Company files trademark lawsuit against Blockchain.io owner.
A cryptocurrency company that owns the domain names Blockchain.com and Blockchain.info has filed a lawsuit (pdf) against the owner of Blockchain.io alleging infringement of its “Blockchain” mark.
Are you asking, “Wait, someone has a trademark for the term blockchain?” That’s a fair question.
The plaintiffs, BLOCKCHAIN LUXEMBOURG S.A. & BLOCKCHAIN (US), INC. have a design mark for its logo. It argues it also has some sort of common law rights in the term blockchain, but I’m having difficulty understanding how it differentiates its brand from the common term for the technology upon which cryptocurrencies are based. Here’s how the company tries to draw a distinction:
Blockchain does not claim exclusive rights to the word “blockchain” to describe the technology underlying cryptocurrencies, such as bitcoin, and used for virtually limitless other applications and by many industries, of which digital currency is only a small subset. Rather, it claims exclusive rights in the BLOCKCHAIN marks, which it has been using exclusively for its Blockchain Products and which have become well and favorably known to consumers throughout the United States and the world as identifying its highly regarded and secure services. As a reflection of Blockchain’s status and popularity, its website at www.blockchain.com is the first organic result of a Google search for “blockchain.”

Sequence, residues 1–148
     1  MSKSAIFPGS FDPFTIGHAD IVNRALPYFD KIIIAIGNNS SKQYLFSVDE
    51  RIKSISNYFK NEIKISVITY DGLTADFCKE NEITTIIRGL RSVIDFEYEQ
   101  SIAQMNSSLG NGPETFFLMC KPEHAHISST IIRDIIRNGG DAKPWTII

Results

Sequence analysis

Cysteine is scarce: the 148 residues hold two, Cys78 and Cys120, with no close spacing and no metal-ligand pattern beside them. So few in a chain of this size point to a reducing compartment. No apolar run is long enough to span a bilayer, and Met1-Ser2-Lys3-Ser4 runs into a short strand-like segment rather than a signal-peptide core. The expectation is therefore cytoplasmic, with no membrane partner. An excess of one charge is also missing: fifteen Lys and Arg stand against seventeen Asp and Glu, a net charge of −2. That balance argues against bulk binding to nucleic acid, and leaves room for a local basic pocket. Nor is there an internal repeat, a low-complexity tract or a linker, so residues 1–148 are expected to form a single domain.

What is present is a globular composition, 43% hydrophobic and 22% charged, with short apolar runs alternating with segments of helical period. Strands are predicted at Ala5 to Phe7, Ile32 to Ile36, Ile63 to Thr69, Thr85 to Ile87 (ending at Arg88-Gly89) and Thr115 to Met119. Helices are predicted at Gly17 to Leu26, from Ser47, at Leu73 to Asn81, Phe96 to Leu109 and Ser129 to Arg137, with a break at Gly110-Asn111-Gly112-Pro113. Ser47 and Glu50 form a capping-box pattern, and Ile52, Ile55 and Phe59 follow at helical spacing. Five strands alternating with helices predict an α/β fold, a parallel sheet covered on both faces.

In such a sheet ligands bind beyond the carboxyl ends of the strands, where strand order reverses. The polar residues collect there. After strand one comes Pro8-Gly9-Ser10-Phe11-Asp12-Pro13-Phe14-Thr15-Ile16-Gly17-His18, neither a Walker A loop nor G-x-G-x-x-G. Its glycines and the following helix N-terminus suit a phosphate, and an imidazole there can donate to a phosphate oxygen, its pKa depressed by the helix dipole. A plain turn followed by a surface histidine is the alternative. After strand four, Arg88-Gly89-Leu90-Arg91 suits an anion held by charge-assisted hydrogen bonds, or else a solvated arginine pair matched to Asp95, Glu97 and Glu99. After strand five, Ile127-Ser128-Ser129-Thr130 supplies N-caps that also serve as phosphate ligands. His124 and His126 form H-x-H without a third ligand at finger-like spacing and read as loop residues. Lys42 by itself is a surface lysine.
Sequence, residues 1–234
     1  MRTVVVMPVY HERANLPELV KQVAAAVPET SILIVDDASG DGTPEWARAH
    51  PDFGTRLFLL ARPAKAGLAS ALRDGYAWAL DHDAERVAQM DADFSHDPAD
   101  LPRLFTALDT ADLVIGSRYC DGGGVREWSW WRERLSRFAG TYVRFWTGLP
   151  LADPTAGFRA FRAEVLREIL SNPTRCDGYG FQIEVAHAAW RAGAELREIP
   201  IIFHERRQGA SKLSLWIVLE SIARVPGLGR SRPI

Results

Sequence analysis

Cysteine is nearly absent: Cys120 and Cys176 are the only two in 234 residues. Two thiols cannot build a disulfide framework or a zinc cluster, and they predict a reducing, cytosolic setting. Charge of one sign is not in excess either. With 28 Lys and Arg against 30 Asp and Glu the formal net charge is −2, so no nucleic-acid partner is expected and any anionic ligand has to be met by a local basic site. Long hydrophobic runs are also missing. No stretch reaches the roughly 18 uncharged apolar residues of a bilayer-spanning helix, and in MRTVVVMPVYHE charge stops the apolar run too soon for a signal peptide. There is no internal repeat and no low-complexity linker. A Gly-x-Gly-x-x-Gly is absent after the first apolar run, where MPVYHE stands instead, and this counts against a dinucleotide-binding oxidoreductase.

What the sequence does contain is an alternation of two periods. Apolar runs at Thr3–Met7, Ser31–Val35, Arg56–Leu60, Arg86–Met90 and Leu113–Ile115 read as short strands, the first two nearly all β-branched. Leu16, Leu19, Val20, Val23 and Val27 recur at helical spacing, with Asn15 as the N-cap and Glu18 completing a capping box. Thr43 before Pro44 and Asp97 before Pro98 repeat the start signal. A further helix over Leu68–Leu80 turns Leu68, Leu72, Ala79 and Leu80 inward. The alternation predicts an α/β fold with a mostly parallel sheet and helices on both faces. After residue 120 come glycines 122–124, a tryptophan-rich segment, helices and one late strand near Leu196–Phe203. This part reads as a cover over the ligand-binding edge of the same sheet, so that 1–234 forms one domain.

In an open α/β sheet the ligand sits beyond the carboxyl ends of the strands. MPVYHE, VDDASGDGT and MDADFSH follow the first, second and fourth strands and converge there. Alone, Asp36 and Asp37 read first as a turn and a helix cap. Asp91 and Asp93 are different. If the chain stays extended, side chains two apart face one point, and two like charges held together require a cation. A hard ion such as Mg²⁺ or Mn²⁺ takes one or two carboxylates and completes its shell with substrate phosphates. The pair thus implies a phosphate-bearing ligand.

This reminds me a bit of this FedEx commercial:
It’s difficult to see how the plaintiff claims rights in the Blockchain mark.
Here’s one of its claims:
“Except for two letters, Paymium’s URL www.blockchain.io is identical to Blockchain’s URL www.blockchain.info.”
Well, yes. You can say that about any .io (or .in) domain and any .info domain. You can also say that .net is only three letters different from .com.
Any use of the term blockchain for a business related to blockchain technology is going to be very, very hard to protect as a trademark.